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The 10 Essential Public Health Services provide a framework by which to measure the impact of public health agencies. They look at three key functions of public health: assessment, policy development and assurance. The framework is also a key component of the Public Health Accreditation Board’s standards and measures.
Even more than that, though, the 10 Essential Public Health Services provide a framework to demonstrate the wide-ranging impact of the work done by the Northern Kentucky Health Department to protect and promote health in our region.
In fiscal year 2014-2015, the Health Department looked back at 20 years of health trends in an effort to assess previous community health plans and build priorities for future work. As the Affordable Care Act and Medicaid expansion provided more Northern Kentuckians with access to health care coverage, the Health Department launched an effort to enroll individuals through kynect, Kentucky’s health insurance exchange.
Work to provide or assure essential public health services also lays a foundation for future health efforts. Kentucky continues to struggle with the impact of tobacco use, at a statewide cost of almost $2 billion per year. Smoke-free policies can reduce the burden on our state, and so the Health Department and the Tobacco-Free Northern Kentucky coalition initiated a coordinated campaign to advocate for a statewide, smoke-free law. While the law did not pass in the 2015 legislative session, a base of support is building.
Technology is essential for future public health work. As the fiscal year came to a close, the Health Department launched a mobile version of its nkyhealth.org website. With more than one-third of web traffic coming from hand-held devices, the mobile site provides basic information, including the latest food inspection scores, on the go.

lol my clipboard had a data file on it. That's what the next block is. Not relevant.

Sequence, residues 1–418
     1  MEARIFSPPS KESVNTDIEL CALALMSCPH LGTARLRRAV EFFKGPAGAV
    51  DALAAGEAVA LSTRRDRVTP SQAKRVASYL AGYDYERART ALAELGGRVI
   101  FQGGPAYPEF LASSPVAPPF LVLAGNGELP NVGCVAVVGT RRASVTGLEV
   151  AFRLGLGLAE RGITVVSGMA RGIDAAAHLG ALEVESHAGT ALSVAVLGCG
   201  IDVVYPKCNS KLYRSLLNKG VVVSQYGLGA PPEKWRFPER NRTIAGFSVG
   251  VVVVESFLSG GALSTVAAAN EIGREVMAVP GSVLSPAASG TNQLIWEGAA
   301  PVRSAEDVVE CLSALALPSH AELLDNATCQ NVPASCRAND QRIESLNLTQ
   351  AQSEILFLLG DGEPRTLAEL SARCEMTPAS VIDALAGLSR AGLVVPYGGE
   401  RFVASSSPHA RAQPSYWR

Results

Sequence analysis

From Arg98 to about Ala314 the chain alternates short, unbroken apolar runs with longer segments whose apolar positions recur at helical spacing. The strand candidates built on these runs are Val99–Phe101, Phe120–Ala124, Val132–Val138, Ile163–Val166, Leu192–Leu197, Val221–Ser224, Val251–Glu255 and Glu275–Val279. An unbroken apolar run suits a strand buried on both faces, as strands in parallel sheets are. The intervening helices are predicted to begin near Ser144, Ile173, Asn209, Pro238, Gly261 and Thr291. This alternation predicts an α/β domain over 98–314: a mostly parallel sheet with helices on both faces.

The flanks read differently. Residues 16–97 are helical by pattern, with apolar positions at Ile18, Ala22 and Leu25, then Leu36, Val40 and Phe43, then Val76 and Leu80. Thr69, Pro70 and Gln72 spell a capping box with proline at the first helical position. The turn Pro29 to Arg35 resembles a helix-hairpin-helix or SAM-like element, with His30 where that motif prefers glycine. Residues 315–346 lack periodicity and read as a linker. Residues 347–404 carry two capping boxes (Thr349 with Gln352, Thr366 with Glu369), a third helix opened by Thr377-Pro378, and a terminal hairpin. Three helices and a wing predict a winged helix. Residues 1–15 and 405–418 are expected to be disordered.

Our region’s future is clouded by the on-going struggles with drug addiction. The Health Department is an active part of the Northern Kentucky Heroin Impact Response Task Force’s efforts to address the epidemic through prevention, treatment, support and harm reduction strategies. The greatest impact of intravenous drug use on public health has been disease transmission: Northern Kentucky has the highest rate of hepatitis C in the nation, with 26 cases of acute illness and 919 non-acute cases reported during the fiscal year. The passage of Senate Bill 192 in March 2015, provided a tool to reduce the risk of hepatitis C, hepatitis B and HIV spreading through drug use—syringe access exchange programs. The Health Department continues to advocate for approval of such programs locally.
The 10 Essential Public Health Services are more than a benchmark by which to compare Northern Kentucky to the rest of the nation; they also prove that the work of public health is essential to the vibrancy of our region.
Lynne M. Saddler, MD, MPH
District Director of Health